Motherhood during residency training: challenges and strategies.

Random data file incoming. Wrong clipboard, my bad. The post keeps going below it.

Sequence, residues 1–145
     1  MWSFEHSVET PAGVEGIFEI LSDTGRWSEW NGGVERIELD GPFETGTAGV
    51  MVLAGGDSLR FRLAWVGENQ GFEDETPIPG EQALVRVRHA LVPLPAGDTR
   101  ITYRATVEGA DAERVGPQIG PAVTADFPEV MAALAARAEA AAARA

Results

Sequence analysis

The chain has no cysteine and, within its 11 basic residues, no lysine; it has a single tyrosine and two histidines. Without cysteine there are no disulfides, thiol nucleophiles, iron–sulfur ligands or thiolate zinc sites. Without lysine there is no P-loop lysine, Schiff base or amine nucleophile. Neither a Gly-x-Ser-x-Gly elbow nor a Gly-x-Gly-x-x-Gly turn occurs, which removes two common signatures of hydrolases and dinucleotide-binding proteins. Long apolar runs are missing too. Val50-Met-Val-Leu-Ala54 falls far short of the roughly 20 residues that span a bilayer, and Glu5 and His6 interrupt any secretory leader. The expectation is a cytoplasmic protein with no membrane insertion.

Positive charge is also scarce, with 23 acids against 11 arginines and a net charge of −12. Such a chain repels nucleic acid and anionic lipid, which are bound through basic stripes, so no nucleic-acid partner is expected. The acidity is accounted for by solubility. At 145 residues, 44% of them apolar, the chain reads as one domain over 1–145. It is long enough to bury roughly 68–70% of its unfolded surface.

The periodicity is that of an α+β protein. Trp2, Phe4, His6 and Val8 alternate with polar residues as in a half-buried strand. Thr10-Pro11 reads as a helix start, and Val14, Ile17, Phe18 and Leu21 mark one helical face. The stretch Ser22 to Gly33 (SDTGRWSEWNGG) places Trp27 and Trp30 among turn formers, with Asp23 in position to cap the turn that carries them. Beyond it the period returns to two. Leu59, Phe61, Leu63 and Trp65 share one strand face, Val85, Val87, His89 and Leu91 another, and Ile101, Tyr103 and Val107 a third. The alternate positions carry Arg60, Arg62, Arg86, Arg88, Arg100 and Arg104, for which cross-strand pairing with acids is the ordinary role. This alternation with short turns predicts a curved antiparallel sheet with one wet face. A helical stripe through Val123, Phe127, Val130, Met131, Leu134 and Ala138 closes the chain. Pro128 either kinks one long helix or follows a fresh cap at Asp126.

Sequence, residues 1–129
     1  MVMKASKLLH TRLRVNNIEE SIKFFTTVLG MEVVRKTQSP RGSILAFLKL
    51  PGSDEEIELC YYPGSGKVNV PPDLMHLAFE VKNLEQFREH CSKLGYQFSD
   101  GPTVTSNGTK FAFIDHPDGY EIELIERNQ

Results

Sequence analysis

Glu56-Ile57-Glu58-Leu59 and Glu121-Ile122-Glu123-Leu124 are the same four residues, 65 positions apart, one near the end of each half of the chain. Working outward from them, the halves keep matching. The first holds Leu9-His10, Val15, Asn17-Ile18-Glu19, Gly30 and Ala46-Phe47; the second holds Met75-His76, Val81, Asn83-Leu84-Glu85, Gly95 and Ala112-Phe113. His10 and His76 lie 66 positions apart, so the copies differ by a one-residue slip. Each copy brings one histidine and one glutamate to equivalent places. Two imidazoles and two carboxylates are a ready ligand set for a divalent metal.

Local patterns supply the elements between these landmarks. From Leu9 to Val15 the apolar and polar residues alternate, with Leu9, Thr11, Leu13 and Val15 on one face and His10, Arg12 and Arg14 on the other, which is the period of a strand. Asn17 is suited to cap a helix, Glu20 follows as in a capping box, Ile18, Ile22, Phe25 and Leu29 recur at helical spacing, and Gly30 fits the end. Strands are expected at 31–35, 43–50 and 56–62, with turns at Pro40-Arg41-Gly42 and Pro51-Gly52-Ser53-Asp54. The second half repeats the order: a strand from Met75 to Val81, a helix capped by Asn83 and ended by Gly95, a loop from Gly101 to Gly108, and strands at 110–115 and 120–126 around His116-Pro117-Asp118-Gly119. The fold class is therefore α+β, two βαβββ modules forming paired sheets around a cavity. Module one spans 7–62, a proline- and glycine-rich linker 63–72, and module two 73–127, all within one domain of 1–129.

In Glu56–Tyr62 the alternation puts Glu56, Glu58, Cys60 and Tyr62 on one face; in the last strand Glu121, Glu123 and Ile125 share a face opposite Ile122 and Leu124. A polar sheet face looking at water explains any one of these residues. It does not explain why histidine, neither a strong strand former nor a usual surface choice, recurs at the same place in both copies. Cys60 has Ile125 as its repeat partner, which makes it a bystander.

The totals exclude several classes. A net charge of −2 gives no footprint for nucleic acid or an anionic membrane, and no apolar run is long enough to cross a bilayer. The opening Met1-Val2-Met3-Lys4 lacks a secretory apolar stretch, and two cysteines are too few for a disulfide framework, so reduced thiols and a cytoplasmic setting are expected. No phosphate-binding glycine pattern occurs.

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OBJECTIVE: To determine what factors enable or impede women in a Canadian family medicine residency program from combining motherhood with residency training. To determine how policies can support these women, given that in recent decades the number of female family medicine residents has increased. DESIGN: Qualitative study using in-person interviews. SETTING: McMaster University Family Medicine Residency Program. PARTICIPANTS: Twenty-one of 27 family medicine residents taking maternity leave between 1994 and 1999. METHOD: Semistructured interviews. The research team reviewed transcripts of audiotaped interviews for emerging themes; consensus was reached on content and meaning. NVIVO software was used for data analysis. MAIN FINDINGS: Long hours, unpredictable work demands, guilt because absences from work increase workload for colleagues, and residents' high expectations of themselves cause pregnant residents severe stress. This stress continues upon return to work; finding adequate child care is an added stress. Residents report receiving less support from colleagues and supervisors upon return to work; they associate this with no longer being visibly pregnant. Physically demanding training rotations put additional strain on pregnant residents and those newly returned to work. Flexibility in scheduling rotations can help accommodate needs at home. Providing breaks, privacy, and refrigerators at work can help maintain breastfeeding. Allowing residents to remain involved in academic and clinical work during maternity leave helps maintain clinical skills, build new knowledge, and promote peer support. CONCLUSION: Pregnancy during residency training is common and becoming more common. Training programs can successfully enhance the experience of motherhood during residency by providing flexibility at work to facilitate a healthy balance among the competing demands of family, work, and student life.
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